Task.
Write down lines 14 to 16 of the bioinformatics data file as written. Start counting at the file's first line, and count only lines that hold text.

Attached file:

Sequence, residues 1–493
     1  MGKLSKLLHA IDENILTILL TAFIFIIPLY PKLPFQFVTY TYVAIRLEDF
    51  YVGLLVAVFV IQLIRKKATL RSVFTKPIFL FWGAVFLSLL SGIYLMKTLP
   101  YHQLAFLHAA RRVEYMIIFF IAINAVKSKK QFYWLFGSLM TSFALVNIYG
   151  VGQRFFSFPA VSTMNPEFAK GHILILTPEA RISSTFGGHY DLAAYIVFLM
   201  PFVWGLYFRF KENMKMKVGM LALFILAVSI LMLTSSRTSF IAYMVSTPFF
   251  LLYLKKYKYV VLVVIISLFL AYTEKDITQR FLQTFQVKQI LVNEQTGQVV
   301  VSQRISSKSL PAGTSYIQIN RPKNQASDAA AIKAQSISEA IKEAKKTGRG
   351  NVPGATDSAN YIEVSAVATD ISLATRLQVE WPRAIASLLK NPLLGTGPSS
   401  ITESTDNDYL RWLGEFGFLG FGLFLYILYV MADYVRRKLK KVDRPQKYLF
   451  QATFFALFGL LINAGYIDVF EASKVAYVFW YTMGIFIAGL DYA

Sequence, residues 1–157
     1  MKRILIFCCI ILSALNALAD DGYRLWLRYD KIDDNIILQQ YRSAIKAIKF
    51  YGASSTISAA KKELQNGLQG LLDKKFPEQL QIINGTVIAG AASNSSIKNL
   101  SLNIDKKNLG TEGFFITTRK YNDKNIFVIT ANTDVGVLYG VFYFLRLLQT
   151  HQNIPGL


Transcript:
    51  YGASSTISAA KKELQNGLQG LLDKKFPEQL QIINGTVIAG AASNSSIKNL
   101  SLNIDKKNLG TEGFFITTRK YNDKNIFVIT ANTDVGVLYG VFYFLRLLQT
   151  HQNIPGL